About 20,000 uniforms and other military equipment was heading for the Islamic State group, also known as ISIS, and the Syrian branch of al-Qaeda, al-Nusra, when Spanish police intercepted the gear, United Press International reported Friday.

A Spanish Interior Ministry official said the terrorists “would have been able to equip an entire army, which would be perfectly prepared to enter combat in any of the centers of conflict where terrorist jihadist organizations operate in the world," UPI reported.

Three large shipping vessels, which were marked as clothing for humanitarian aid, were found in the Spanish ports of Algeciras and Valencia, and contained about 11,000 pounds of illicit goods. The uniforms were not made in Spain, but the ministry said they came through a network of established suppliers to the terror groups, which also provides them with weapons, technology and other goods.

Police arrested seven people during the operation suspected of giving logistical and financial support to the militants, CNN reported. One of these men police said gave money, electronics, firearms and materials for making explosives to the terror groups.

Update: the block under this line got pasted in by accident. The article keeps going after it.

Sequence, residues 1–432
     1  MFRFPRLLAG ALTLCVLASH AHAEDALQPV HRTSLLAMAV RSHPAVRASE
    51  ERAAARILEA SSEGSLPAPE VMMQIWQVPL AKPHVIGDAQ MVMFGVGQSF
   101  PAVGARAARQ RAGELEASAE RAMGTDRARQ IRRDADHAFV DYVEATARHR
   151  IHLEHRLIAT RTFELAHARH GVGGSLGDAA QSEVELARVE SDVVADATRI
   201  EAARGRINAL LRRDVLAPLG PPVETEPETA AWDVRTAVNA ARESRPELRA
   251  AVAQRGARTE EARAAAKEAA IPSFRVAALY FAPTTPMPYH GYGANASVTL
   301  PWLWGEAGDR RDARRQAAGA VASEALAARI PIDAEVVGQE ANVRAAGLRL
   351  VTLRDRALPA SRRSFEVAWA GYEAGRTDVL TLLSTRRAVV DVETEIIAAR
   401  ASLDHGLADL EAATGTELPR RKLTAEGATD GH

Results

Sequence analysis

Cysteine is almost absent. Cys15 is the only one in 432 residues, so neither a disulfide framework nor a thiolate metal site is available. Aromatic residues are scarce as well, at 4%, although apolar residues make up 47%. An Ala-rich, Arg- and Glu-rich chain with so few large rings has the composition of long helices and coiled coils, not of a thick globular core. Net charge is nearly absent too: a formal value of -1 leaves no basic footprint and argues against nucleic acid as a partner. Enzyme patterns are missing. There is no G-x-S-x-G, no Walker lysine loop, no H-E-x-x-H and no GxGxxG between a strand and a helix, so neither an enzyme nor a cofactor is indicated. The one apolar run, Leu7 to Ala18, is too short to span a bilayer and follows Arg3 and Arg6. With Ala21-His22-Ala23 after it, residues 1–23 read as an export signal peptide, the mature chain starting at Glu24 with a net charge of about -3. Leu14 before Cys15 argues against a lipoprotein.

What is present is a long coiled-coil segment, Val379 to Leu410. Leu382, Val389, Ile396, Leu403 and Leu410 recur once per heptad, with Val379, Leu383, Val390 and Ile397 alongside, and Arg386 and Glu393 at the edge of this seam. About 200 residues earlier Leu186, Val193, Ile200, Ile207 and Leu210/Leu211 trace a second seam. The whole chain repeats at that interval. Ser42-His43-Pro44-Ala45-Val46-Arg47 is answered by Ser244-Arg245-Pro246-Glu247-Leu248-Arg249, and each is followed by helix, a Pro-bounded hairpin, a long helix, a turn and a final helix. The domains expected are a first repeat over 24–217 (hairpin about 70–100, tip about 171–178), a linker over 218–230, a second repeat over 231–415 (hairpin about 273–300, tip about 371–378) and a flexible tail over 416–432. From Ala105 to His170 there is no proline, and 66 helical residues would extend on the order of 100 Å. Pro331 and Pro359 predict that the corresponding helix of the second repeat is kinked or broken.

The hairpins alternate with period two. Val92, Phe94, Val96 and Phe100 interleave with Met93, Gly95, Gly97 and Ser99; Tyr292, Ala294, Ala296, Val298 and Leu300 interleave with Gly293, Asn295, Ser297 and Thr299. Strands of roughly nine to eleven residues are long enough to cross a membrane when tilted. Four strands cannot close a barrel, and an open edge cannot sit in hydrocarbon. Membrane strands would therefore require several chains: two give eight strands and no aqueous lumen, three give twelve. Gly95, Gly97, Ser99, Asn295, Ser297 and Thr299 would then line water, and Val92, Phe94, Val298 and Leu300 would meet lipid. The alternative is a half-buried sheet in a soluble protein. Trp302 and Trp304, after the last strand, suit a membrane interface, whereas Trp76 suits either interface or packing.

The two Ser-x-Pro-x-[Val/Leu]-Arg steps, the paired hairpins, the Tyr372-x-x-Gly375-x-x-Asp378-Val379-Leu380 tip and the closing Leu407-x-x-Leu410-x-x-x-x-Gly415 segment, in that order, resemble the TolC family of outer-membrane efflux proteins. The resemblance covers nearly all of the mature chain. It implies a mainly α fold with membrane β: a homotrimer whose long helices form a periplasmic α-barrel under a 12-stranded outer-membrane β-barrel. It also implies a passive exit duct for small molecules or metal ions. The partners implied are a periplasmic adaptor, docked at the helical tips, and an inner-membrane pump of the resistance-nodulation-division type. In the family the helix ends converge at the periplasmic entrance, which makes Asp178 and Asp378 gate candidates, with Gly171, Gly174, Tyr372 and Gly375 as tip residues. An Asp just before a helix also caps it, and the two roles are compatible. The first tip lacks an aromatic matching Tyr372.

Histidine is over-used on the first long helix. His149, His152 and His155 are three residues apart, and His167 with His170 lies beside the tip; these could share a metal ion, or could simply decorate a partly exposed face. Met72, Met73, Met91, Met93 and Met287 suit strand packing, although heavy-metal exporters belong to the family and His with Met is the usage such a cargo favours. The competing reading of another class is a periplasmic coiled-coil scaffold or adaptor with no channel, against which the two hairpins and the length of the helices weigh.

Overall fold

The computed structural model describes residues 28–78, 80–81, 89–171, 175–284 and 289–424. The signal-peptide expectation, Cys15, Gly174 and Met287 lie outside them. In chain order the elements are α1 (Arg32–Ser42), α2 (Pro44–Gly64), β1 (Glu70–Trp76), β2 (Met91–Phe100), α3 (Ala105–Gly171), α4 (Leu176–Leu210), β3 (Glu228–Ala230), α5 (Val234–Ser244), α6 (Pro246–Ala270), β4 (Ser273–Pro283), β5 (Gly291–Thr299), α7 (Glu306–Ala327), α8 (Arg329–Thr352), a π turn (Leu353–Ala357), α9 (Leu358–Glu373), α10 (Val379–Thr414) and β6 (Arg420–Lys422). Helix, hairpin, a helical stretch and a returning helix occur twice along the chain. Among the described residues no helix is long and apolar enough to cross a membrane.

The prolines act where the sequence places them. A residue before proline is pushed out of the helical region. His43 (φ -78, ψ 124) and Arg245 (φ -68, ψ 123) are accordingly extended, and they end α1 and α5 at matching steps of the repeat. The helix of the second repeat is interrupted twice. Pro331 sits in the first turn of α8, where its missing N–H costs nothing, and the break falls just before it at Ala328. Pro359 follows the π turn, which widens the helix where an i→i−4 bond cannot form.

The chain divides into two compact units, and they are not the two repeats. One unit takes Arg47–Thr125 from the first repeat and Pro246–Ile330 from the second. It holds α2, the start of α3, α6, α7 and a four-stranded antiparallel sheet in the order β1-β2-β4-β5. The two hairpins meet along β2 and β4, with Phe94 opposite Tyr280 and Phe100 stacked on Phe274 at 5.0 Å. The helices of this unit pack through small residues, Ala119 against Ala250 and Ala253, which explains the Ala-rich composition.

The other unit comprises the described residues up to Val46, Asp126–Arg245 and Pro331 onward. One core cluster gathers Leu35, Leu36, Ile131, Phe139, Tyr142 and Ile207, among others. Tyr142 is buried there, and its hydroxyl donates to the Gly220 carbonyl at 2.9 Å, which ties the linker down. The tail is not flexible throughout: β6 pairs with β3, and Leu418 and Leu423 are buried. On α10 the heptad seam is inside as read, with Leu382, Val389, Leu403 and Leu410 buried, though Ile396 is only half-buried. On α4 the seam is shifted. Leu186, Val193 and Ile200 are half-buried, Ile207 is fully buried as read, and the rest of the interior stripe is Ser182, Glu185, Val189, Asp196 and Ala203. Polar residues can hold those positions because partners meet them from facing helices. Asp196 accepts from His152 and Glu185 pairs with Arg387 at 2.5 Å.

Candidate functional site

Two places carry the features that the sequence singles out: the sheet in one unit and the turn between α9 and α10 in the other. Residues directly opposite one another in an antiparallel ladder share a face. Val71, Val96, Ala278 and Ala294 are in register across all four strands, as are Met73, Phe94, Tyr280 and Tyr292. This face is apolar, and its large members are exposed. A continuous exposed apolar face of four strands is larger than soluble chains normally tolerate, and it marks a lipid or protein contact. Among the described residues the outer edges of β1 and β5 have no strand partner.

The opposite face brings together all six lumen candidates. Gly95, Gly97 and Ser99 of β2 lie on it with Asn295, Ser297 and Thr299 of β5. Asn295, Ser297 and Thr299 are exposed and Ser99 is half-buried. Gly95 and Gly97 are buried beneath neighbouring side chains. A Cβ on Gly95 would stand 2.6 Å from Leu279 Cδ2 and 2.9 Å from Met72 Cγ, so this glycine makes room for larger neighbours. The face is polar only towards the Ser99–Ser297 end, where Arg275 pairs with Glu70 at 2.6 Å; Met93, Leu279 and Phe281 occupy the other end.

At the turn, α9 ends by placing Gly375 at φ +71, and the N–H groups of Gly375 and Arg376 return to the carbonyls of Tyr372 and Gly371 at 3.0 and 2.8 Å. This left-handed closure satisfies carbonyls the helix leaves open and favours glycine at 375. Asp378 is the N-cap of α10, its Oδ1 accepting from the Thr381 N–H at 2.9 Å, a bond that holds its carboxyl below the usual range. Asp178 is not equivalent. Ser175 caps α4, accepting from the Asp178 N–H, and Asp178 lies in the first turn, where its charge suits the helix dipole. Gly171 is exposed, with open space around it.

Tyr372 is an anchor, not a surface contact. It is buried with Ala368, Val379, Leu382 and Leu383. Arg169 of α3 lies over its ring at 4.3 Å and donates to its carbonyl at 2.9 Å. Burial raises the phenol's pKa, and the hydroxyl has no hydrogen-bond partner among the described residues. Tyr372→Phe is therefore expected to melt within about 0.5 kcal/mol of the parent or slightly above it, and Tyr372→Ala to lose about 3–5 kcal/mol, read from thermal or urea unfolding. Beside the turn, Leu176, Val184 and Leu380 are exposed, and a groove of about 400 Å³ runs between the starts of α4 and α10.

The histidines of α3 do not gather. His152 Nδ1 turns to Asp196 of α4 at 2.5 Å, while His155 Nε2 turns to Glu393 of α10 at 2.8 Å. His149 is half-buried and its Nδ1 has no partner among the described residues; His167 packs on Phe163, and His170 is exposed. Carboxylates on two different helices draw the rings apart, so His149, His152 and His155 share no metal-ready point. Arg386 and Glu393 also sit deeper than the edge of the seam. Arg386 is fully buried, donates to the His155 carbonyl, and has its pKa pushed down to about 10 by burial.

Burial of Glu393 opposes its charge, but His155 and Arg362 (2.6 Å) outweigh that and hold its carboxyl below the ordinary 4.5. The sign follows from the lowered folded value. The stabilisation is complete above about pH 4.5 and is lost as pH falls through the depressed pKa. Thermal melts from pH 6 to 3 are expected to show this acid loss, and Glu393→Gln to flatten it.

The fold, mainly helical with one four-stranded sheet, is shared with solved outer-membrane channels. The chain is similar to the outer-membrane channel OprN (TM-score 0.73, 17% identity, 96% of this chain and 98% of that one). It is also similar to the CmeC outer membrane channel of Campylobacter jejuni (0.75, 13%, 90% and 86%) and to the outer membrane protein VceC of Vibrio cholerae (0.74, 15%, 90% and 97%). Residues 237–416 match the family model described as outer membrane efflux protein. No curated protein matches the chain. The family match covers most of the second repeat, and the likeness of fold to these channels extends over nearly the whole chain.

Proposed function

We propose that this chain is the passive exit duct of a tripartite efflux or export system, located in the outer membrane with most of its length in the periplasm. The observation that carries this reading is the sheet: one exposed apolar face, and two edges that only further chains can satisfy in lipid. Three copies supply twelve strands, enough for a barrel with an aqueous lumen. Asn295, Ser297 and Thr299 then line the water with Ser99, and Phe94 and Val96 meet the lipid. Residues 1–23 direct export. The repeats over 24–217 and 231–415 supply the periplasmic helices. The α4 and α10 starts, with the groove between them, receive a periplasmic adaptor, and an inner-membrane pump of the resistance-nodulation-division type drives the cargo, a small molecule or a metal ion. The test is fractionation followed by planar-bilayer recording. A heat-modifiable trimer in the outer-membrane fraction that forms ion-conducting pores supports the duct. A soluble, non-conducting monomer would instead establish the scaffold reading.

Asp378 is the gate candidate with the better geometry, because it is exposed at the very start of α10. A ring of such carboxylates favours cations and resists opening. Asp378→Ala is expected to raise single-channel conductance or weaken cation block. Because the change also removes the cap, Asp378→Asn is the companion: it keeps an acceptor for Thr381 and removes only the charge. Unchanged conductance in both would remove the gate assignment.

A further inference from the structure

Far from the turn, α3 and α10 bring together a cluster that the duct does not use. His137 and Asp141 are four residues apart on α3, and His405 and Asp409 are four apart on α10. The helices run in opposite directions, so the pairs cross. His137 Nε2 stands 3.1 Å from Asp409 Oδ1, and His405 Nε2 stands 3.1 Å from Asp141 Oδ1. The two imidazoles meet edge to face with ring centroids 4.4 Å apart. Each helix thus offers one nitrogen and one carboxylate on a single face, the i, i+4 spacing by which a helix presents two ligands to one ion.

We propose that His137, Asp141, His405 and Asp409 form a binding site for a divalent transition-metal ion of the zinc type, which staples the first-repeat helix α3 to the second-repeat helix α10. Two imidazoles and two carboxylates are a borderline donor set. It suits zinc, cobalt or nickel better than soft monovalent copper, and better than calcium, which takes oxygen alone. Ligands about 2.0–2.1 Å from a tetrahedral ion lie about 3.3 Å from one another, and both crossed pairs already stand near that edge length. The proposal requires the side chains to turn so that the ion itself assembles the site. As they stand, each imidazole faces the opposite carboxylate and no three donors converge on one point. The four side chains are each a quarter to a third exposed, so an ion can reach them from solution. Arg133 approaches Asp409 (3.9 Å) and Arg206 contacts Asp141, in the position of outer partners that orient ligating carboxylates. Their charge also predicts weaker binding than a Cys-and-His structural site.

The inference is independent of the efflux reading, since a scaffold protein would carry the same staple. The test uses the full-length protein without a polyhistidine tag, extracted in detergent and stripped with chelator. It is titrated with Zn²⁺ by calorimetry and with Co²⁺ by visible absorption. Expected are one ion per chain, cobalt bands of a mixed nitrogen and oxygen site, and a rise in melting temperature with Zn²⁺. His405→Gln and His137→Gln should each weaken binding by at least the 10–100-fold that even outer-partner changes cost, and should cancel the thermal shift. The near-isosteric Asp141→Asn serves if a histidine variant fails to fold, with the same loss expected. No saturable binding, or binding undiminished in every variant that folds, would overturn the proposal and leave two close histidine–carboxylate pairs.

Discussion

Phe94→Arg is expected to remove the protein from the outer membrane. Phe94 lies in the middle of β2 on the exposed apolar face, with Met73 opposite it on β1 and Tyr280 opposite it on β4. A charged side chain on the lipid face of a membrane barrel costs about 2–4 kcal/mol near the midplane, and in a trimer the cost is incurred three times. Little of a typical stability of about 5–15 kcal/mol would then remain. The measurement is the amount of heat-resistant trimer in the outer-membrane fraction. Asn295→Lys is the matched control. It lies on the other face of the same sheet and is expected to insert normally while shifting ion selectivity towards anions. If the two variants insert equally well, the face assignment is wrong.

This is not the first time Spain has had to deal with the terror organizations. The country, along with others such as France, Germany and Italy, have been accused of funding terrorism stemming from ransom paid for hostages, the Independent reported. It is thought al-Qaeda made $125 million from ransom money between 2008 and 2014.


Spanish and Moroccan authorities arrested 14 people in August on suspicion of creating part of a recruiting network with the end game of sending soldiers to ISIS, the Wall Street Journal reported. Prior to August’s arrests, 47 people had been arrested in Spain on terrorism-related charges in 2015. European countries have been on an increased terror alert since the November terror attacks in Paris, which claimed 130 lives and for which ISIS has claimed responsibility.